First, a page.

The educational angle on Gardner’s Theory of Multiple Intelligences
Published on Tuesday, 20 October 2020
Last updated on Wednesday, 21 October 2020
In 1983, Harvard University Professor, Howard Gardner, proposed the Multiple Intelligence (MI) Theory, it is a model that has become increasingly popular with teachers and parents as a guide to explain and differentiate the various talents and abilities of children.
Gardner’s theory was released in his book Frames of Mind and it provides a useful framework to nurture young children to engage and develop by catering to their individual needs and strengths within a learning environment.
The theory of MI challenges the idea of a single IQ, where human beings have one central "computer" that houses intelligence. Gardner proposed that there are multiple types of human intelligence, each representing different ways of processing information. Simply put, people can be intelligent in different ways and all individuals possess different types of intelligence in varying measures.
Many educators have had the experience of not being able to reach some children until presenting the information in a completely different way or providing new options to engage a child. According to Gardner everyone learns in a different way and the one-size-fits-all approach to education can leave some children behind.
“Once we realise that people have very different kinds of minds, different kinds of strengths – some people are good at thinking spatially, some in thinking with language, others are very logical, other people need to be hands-on and explore actively and try things out – then education, which treats everybody the same way, is actually the most unfair education.”
Gardner’s theory proposes that:
- People are not born with all the intelligence they will ever have; they are the result of a constant interaction of biological and environmental factors
- The idea of intelligence should include: Linguistic, Logical/Mathematical, Musical, Spatial, Bodily Kinaesthetic, Interpersonal, Intrapersonal and Naturalist
- There may be other “candidate” intelligences such as Pedagogical Intelligence – the intelligence of teaching – and Moral Intelligence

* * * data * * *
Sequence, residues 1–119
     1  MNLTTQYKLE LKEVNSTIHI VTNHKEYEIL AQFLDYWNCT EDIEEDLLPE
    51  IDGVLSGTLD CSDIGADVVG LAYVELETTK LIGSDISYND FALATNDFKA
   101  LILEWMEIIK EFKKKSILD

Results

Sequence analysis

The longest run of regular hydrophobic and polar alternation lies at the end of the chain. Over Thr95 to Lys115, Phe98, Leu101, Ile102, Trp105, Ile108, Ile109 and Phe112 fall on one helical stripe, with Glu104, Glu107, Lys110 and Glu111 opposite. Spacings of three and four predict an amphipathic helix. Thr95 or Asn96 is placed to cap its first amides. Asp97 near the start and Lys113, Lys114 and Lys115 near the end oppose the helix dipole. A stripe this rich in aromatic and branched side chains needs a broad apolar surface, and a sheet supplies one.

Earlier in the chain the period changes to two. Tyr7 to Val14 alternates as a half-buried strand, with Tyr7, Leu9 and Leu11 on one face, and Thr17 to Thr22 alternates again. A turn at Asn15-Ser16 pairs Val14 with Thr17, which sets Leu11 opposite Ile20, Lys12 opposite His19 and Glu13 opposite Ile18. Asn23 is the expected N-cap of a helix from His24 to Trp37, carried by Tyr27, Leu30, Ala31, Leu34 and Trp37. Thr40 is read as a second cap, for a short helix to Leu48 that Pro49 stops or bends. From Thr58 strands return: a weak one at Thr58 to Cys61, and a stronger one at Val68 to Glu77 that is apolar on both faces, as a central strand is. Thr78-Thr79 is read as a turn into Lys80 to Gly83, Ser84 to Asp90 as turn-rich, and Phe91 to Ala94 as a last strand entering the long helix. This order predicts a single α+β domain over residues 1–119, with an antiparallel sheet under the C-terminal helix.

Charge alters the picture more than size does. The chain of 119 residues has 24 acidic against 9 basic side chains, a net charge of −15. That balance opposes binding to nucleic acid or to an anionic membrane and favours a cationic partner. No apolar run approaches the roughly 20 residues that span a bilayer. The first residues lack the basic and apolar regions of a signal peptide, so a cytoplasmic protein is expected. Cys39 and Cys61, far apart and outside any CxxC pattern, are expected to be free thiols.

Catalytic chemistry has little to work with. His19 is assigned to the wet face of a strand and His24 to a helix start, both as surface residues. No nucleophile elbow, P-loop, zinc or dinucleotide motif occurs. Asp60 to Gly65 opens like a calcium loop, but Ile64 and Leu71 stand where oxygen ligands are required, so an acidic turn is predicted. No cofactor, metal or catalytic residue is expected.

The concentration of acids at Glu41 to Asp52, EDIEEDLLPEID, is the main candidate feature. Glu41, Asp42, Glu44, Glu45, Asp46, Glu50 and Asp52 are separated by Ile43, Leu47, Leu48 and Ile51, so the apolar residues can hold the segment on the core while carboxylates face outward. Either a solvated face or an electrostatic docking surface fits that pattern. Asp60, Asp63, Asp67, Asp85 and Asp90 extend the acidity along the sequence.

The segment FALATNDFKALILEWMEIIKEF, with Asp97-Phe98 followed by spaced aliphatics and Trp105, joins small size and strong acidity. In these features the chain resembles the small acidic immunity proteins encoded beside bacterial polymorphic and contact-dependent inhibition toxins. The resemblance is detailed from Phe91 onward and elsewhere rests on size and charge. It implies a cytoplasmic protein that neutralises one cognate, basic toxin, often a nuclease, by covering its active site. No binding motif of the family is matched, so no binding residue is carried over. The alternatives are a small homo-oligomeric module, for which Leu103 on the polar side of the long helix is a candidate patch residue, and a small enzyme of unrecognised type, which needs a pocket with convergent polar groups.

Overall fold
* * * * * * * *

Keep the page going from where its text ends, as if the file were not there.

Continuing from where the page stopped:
- One form of intelligence is not better than another; they are equally valuable and viable
- Different cultures are biased towards and against certain types of intelligences, with Western cultures favouring Linguistic and Logical/Mathematical and undervaluing others such as Kinaesthetic
- We may all have these intelligences, but our profile of these intelligence may differ individually based on genetics or experience.
- The ability to solve problems that one encounters in real life
- The ability to generate new problems to solve
- The ability to make something or offer a service that is valued within one’s culture.
Here is a brief description of each intelligence and how they relate to early childhood settings:
- Verbal – Linguistic Intelligence: A child’s ability to express themself and understand others
- Logical – Mathematical Intelligence: An understanding of numbers and quantities
- Musical Intelligence: A child’s sensitivity towards music and sound
- Visual Intelligence – Spatial: A child’s awareness of physical space as well as the arts
- Kinaesthetic Intelligence - Body: An awareness of the body and movement. This can include the sense of touch or a potential towards physical activity
- Interpersonal Intelligence: A child’s ability to relate to and interact with others
- Intrapersonal Intelligence: A child’s awareness of what he can or cannot do as he feels confident with himself